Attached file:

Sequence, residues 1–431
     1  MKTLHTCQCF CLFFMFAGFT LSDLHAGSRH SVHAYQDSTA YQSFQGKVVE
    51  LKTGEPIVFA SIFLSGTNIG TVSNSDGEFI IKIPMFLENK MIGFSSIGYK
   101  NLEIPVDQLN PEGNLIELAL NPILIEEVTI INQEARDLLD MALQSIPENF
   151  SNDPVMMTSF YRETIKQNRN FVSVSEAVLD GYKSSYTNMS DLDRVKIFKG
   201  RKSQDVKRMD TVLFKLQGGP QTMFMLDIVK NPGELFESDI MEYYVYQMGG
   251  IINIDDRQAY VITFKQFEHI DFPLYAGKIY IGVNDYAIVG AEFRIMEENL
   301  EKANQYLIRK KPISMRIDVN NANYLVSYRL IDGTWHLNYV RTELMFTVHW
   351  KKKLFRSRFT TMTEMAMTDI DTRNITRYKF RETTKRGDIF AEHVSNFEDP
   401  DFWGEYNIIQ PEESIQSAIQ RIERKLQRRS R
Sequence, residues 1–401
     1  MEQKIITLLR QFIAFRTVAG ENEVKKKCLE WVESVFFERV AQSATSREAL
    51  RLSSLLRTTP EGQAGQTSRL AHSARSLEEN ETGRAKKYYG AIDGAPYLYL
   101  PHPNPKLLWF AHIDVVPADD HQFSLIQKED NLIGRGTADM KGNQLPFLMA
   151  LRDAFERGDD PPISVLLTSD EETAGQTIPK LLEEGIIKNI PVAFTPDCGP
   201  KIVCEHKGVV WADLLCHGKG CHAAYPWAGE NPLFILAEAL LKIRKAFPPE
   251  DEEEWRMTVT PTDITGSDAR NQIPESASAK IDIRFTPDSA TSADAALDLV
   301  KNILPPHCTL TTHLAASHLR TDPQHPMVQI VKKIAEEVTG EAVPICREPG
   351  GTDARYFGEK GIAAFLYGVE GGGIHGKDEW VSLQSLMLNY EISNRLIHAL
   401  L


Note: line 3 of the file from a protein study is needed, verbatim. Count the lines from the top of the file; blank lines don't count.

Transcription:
    51  LKTGEPIVFA SIFLSGTNIG TVSNSDGEFI IKIPMFLENK MIGFSSIGYK